words :: books :: ideas

Saturday, September 29, 2007

Frankenstein and Mr. Hyde

The first lecture from my first year at Worldview Academy is also the one that I remember the best. Jeff Baldwin spoke on The Deadliest Monster, contrasting the worldviews portrayed in Frankenstein and The Strange Case of Dr. Jekyll and Mr. Hyde.
Both Shelley and Stevenson indirectly answer the question, "What is the nature of man?" The former depicts man as being basically good. She blames society for the wrong actions of Frankenstein's monster. Stevenson, however, shows that man is inherently sinful and that the individual is responsible for his deeds.
I recently realized that I have subscribed to the thinking of Frankenstein.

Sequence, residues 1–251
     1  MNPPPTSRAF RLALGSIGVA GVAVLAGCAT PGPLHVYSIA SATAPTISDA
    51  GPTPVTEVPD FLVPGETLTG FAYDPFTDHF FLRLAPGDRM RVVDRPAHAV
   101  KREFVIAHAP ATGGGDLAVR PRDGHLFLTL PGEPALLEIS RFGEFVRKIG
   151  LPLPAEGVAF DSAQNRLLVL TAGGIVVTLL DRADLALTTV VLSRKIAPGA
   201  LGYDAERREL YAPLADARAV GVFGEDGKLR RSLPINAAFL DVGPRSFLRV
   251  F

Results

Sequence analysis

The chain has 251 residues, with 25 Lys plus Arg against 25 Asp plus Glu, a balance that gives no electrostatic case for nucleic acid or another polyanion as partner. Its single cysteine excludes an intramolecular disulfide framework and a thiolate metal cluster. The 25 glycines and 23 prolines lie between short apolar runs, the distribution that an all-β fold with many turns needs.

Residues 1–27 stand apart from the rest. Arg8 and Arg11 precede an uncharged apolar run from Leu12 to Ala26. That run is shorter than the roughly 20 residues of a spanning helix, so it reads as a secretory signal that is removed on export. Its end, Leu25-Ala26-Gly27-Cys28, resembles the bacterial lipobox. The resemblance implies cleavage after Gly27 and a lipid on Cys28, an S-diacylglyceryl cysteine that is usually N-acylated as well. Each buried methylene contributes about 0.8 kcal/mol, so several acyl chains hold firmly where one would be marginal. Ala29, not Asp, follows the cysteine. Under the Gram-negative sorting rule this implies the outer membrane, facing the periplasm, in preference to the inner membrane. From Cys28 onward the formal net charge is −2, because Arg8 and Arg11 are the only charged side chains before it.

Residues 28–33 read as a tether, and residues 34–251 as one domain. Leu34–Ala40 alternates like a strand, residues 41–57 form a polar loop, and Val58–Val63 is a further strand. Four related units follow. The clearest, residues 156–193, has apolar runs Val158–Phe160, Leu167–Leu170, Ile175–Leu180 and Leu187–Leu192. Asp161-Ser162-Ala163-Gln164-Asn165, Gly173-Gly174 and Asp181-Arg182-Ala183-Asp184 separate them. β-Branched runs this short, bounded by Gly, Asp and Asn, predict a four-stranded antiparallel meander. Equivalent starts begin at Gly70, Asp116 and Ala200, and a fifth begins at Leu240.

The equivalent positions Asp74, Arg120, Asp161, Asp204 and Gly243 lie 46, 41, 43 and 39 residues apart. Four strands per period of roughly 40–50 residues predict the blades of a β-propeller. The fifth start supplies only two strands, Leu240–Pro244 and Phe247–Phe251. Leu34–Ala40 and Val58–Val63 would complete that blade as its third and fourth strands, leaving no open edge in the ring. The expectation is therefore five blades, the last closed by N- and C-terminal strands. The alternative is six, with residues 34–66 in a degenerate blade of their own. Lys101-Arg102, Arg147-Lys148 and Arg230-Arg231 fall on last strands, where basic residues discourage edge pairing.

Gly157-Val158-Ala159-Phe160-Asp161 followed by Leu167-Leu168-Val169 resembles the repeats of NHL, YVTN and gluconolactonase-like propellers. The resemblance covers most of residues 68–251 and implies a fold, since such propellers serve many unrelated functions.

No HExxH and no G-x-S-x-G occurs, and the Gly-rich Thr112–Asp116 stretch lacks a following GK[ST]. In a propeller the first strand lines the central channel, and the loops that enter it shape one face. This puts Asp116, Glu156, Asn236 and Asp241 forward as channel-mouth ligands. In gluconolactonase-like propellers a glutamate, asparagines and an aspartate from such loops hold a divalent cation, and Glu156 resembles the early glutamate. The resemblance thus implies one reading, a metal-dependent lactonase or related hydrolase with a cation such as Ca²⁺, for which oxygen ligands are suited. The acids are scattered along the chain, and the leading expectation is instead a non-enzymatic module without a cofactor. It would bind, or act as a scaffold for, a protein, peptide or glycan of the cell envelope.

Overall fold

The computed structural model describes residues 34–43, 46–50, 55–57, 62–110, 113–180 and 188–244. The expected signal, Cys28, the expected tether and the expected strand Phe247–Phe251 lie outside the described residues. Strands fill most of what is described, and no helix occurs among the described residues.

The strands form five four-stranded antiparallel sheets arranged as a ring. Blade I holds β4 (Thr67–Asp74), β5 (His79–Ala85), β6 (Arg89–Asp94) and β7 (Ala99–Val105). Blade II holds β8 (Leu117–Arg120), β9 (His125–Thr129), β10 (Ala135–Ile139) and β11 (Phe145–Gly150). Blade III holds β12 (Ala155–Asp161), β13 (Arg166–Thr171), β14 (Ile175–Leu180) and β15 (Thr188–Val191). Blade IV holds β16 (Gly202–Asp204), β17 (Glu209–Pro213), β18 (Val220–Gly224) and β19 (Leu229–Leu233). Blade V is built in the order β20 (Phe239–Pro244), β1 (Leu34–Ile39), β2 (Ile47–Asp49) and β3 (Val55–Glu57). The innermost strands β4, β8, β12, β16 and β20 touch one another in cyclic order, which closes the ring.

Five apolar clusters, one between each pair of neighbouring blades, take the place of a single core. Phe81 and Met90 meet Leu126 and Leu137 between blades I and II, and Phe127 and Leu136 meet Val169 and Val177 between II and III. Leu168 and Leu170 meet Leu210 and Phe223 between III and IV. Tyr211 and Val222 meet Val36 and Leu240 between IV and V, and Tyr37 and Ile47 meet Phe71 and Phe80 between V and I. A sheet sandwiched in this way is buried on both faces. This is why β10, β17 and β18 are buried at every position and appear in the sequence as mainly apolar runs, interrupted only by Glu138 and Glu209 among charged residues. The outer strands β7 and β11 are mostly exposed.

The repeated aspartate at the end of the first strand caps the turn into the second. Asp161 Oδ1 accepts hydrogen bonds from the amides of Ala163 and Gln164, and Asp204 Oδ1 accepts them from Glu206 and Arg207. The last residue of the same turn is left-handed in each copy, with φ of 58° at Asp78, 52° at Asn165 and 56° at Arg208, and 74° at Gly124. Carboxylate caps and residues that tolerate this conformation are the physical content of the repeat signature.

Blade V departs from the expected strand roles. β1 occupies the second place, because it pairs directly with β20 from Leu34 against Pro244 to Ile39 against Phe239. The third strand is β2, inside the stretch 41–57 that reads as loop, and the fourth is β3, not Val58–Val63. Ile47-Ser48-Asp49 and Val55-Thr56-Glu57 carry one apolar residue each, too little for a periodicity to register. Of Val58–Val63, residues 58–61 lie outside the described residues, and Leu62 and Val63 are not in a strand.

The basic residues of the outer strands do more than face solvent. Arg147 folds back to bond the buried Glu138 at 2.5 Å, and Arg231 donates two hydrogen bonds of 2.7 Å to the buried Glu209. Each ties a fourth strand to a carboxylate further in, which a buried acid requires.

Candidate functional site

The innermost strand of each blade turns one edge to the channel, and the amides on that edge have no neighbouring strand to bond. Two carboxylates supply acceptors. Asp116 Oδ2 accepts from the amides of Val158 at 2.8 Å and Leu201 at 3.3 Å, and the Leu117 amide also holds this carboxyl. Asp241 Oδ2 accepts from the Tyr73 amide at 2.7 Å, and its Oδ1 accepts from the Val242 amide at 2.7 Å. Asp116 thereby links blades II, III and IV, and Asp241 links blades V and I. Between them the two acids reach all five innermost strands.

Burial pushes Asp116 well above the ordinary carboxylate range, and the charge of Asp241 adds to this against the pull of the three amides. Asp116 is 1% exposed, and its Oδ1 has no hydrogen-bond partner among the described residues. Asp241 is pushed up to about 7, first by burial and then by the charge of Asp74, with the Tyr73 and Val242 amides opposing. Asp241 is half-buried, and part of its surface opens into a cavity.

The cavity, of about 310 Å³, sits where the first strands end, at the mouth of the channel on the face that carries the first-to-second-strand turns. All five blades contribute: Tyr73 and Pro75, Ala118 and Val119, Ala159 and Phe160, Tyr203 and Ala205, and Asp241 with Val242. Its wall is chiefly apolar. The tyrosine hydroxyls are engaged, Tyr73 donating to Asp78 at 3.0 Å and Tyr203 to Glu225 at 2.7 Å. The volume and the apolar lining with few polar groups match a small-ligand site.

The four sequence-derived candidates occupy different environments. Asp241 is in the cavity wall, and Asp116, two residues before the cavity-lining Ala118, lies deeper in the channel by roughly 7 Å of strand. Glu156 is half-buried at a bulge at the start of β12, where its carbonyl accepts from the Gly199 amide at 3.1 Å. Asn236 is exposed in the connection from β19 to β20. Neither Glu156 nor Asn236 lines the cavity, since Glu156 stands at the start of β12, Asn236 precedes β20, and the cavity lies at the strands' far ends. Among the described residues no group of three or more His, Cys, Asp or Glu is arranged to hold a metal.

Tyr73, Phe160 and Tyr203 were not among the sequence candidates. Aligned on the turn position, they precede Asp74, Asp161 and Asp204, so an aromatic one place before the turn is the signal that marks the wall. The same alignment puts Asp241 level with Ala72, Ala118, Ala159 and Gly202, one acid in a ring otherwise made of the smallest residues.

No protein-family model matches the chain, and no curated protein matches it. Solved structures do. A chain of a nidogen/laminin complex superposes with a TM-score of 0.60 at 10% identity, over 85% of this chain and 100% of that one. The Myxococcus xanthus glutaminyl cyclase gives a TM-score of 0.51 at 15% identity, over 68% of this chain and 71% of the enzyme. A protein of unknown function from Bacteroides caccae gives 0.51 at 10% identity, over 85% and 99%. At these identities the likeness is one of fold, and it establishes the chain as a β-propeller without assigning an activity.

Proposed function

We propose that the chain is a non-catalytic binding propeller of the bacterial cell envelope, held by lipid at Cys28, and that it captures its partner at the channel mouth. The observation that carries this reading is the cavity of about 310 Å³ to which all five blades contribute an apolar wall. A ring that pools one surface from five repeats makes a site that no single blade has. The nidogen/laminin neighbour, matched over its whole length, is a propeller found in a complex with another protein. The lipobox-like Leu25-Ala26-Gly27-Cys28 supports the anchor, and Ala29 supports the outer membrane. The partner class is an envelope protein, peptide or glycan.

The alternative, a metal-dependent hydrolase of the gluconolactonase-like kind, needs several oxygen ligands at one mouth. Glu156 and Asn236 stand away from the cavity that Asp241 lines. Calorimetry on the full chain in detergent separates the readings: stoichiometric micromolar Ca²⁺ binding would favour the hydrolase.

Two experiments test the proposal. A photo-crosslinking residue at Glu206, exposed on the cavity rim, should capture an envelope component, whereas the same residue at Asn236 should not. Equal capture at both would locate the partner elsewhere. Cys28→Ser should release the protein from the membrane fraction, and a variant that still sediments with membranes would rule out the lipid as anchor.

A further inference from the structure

When I do something wrong, I tend to rationalize (as Mr. Harris would say: "rational lies") and make excuses for my behavior. I'm not feeling very good. I have a headache. I'm working on a project.
I try to blame society [a.k.a. siblings]. You were in my way. You were being too loud.
I even apologize with disclaimers. I'm sorry for [fill in blank], I am just having a bad day. I shouldn't have done that, it's just [insert excuse of choice here].
This way of thinking is wrong. Instead of attempting to shift blame upon others, I need to admit my guilt.
I need to change my thoughts from Frankenstein to Dr. Jekyll.

1 comment:

Jake A. Smith said...

Interesting way of looking at things, and yet very true. It's so easy to deny responsibility for our own actions sometimes. Thanks for the reminder :)